In the parking lot, Westminster police encountered a customer identified as Bryant Russell. In a report, an officer wrote, “I detected a moderate odor of alcoholic beverage emitting from his person and exhaled breath. Further, I noticed his eyes were glassy and bloodshot. His speech was slurred as he talked.”
Police had been told the group had been drinking at a wedding before going to Denny’s.
Russell responded, according to the reports, “He was a Baltimore City police officer. You’re not going to intimidate me or threaten me.”
Westminster police were concerned Russell was going to drive.
“I advised if I observed him operating the vehicle, he would be placed under arrest for driving under the influence, at which time he replied, ‘Don’t threaten me,’ and again advised he was an officer,” according to the Westminster police officer’s report.
The vehicle Russell was using wasn’t his personal car but a black SUV owned by the Police Department and used by SWAT officers.
In their report, police said, “Russell advised there are ‘guns in the vehicle,’ and that he was on call, and could drive the vehicle anywhere in the state,” the report said.
A Baltimore Police Department policy governs the use of so-called take home vehicles: They are to be used only for official duties and responsibilities, and officers who have them can’t exhibit conduct that discredits BPD.
Westminster police did not arrest Russell. They did not see him drive. The officers were sent to another call. When they returned to Denny’s, Russell and the SUV were gone.
MARATHON, Fla. – Monroe County sheriff’s deputies arrested an intoxicated Marathon woman after she led them on a chase up U.S. Highway 1.
The deputies were called to a McDonald’s at 6:30 a.m. Sunday and witnessed Janice Hastings, 60, blocking traffic in the restaurant’s drive-thru lane.
After a customer and manager asked her to move, Hastings drove her car across the lot and parked across several spots.
When one deputy approached Hastings’ car, the manager told him he believed the woman was intoxicated.
As the deputy attempted to speak with Hastings, she hit the gas, jumped a curb and began driving north on U.S. 1.
Driving at speeds up to 45 mph, Hastings refused to stop with three deputies in pursuit. Another deputy was able to puncture all four of her tires after deploying spikes at an intersection.
However, Hastings kept driving with four flat tires and began fishtailing and endangering other drivers.
The car eventually came to a stop at mile marker 57.2, but Hastings refused to open her car door or window, shouting at officers that she was not drunk.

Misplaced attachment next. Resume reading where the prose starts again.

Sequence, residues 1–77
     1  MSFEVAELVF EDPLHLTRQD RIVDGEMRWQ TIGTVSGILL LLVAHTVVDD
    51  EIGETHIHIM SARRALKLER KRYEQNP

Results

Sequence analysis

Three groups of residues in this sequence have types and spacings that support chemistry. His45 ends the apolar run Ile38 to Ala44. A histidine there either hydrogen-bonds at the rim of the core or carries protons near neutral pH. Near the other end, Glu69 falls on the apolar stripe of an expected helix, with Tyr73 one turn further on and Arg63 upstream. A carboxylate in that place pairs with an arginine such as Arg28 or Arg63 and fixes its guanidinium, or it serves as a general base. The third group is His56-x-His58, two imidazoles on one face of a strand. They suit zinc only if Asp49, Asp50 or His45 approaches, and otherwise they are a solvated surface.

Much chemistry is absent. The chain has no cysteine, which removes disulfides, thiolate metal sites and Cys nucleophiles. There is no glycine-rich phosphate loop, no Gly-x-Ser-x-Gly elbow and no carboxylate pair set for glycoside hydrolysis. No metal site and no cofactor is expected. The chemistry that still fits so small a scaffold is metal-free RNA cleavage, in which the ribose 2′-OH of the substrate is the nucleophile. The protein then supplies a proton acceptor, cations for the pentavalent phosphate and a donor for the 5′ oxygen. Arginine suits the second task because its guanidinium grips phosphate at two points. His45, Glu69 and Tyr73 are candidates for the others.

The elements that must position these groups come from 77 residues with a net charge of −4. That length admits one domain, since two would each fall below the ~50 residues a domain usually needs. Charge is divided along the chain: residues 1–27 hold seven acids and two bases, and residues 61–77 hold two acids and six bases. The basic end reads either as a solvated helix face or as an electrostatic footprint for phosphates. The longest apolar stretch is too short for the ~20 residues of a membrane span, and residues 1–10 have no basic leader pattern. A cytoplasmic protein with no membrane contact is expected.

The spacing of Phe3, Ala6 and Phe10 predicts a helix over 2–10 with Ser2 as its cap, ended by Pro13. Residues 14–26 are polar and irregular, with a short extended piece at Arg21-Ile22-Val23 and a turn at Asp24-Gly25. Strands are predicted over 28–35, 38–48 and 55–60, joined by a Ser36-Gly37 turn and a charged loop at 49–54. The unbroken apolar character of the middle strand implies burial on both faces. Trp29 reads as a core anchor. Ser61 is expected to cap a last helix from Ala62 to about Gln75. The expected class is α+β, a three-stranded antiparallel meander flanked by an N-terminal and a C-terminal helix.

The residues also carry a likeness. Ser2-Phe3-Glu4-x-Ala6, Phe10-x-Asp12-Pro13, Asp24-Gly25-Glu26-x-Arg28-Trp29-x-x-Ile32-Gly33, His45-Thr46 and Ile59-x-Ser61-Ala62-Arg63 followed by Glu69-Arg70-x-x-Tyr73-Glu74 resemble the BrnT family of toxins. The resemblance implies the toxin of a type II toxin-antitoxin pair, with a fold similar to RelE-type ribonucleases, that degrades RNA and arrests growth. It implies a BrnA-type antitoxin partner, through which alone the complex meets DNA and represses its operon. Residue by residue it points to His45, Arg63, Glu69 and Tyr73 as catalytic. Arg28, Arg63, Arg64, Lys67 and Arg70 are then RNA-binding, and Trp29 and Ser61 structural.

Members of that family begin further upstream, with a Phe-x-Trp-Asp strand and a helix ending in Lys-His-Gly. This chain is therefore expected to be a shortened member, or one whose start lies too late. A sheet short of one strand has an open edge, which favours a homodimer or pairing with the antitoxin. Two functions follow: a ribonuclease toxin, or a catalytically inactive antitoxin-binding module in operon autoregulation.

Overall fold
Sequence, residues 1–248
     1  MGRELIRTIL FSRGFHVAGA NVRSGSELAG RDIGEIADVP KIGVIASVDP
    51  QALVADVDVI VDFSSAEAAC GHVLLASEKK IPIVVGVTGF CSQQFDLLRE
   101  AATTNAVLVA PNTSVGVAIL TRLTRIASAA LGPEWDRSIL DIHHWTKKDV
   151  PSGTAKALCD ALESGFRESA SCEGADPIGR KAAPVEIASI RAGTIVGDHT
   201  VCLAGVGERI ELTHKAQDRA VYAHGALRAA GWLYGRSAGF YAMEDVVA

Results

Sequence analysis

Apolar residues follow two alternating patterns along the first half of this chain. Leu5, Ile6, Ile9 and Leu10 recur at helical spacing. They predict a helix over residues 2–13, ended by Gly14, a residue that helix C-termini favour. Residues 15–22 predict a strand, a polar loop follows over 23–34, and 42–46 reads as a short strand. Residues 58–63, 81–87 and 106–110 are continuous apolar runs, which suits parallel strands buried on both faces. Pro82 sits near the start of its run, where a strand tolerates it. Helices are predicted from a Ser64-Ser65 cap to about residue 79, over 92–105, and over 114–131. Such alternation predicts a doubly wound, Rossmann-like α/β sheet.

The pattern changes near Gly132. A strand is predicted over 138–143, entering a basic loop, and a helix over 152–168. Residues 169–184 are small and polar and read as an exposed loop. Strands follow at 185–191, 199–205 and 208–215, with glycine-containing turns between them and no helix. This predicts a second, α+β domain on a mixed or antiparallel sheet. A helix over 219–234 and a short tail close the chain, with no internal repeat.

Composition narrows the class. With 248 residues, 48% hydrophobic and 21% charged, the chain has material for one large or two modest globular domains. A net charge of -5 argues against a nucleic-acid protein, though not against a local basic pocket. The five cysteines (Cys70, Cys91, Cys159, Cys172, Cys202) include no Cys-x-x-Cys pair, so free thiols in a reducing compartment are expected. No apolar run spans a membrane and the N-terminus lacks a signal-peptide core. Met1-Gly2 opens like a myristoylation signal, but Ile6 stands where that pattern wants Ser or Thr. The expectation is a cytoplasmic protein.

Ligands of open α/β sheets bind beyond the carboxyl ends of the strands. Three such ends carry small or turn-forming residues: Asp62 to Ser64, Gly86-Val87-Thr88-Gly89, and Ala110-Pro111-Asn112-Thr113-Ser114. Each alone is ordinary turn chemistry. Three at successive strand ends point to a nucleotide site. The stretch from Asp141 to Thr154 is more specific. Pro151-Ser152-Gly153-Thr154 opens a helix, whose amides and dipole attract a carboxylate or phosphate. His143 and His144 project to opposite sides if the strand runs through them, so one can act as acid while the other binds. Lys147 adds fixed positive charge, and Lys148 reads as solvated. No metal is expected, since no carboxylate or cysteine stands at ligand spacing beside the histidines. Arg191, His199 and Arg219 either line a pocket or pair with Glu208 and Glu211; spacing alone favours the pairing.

A passerby told deputies she had seen Hastings leaving J.J.’s Doghouse bar and driving erratically, running through a traffic light and hitting the median several times. The woman made the first call to 911 about Hastings’ driving.
Deputies said Hastings refused to take a sobriety test on the roadside or at the detention center after she was placed under arrest.
While in the detention center, Hastings also bit a deputy when he attempted to remove gum that she refused to spit out of her mouth.
Hastings was arrested on charges of fleeing and eluding police, reckless driving, DUI, battery on a law enforcement officer and resisting arrest with violence.
NC firefighter clearing storm debris killed by suspected drunk driverBY MARK PRICEmsprice@charlotteobserver.comLINKEDINGOOGLE+PINTERESTREDDITPRINTORDER REPRINT OF THIS STORYOCTOBER 09, 2017 8:05 AMA Burke County firefighter was hit and killed by a suspected drunk driver around midnight Monday while answering a call about storm debris on a roadway.Triple Community firefighters were dispatched to the site of a fallen tree that was blocking several lanes of Highway 70 near the Drexel intersection, according to media outlets. Triple is about 70 miles northwest of Charlotte, near Morganton.The firefighter was identified as Jason Keith Hensley, 40, according to the Observer’s news partner, WBTV. He died instantly, media outlets reported.ADVERTISINGBurke County was under a Tornado Warning on Sunday evening and a tornado was confirmed to have touched down around the southeast of Morganton in Burke County.Firefighters were in the process of clearing debris when a vehicle traveling east on Hwy 70 struck Hensley, WBTV reported.The North Carolina Highway Patrol charged 58-year-old Randall Stewart with driving while impaired, driving without a license, reckless driving, not wearing a seat belt, possessing marijuana and possessing drug paraphernalia, reported WBTV.Stewart allegedly struck two other vehicles that were parked at the scene including Hensley’s personal vehicle which had the emergency lights activated, troopers told WBTV.
GRAND RAPIDS, MI — When Grand Rapids Police Officer Adam Ickes told his shift commander that the driver in a wrong-way crash he was investigating was Josh Kuiper, he was quick to say the then-assistant prosecutor was “hammered” and “visibly intox.”
Ickes’ initial analysis of the crash scene was captured in recorded police phone conversations with then-Lt. Matthew Janiskee and Sgt. Thomas Warwick.
But before the recordings were made public last month based on an MLive Freedom of Information Act request, Ickes downplayed his word choice and dismissed the notion that Kuiper showed signs of being visibly intoxicated during a May 11 deposition with Brian Molde, an attorney at Johnson Law, PLC.
The contrasting statements between the deposition and “unrecorded” phone conversations have led Molde and attorney Vernon “Ven” Johnson to accuse Ickes of falsifying a police report and lying under oath. They said they plan to recommend a perjury charge against Ickes to the Kent County Prosecutor’s Office. Johnson Law is the attorney for the crash victim, who was injured when Kuiper crashed his truck into his parked vehicle.